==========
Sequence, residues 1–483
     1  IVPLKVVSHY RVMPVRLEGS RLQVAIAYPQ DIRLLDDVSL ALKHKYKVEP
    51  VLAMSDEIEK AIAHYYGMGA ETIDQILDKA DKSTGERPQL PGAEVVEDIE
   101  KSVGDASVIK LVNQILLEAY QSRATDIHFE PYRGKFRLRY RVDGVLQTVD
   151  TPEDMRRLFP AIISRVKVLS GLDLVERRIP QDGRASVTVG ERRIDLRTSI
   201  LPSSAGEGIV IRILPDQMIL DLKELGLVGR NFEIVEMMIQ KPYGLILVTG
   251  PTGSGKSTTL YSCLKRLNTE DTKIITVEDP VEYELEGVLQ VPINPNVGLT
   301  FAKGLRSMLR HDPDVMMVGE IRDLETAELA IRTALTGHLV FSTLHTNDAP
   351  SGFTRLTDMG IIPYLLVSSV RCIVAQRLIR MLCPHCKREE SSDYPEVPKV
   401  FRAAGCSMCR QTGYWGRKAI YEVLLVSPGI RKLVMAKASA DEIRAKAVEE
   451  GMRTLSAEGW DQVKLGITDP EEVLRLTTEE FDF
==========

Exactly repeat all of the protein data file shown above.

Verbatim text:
Sequence, residues 1–483
     1  IVPLKVVSHY RVMPVRLEGS RLQVAIAYPQ DIRLLDDVSL ALKHKYKVEP
    51  VLAMSDEIEK AIAHYYGMGA ETIDQILDKA DKSTGERPQL PGAEVVEDIE
   101  KSVGDASVIK LVNQILLEAY QSRATDIHFE PYRGKFRLRY RVDGVLQTVD
   151  TPEDMRRLFP AIISRVKVLS GLDLVERRIP QDGRASVTVG ERRIDLRTSI
   201  LPSSAGEGIV IRILPDQMIL DLKELGLVGR NFEIVEMMIQ KPYGLILVTG
   251  PTGSGKSTTL YSCLKRLNTE DTKIITVEDP VEYELEGVLQ VPINPNVGLT
   301  FAKGLRSMLR HDPDVMMVGE IRDLETAELA IRTALTGHLV FSTLHTNDAP
   351  SGFTRLTDMG IIPYLLVSSV RCIVAQRLIR MLCPHCKREE SSDYPEVPKV
   401  FRAAGCSMCR QTGYWGRKAI YEVLLVSPGI RKLVMAKASA DEIRAKAVEE
   451  GMRTLSAEGW DQVKLGITDP EEVLRLTTEE FDF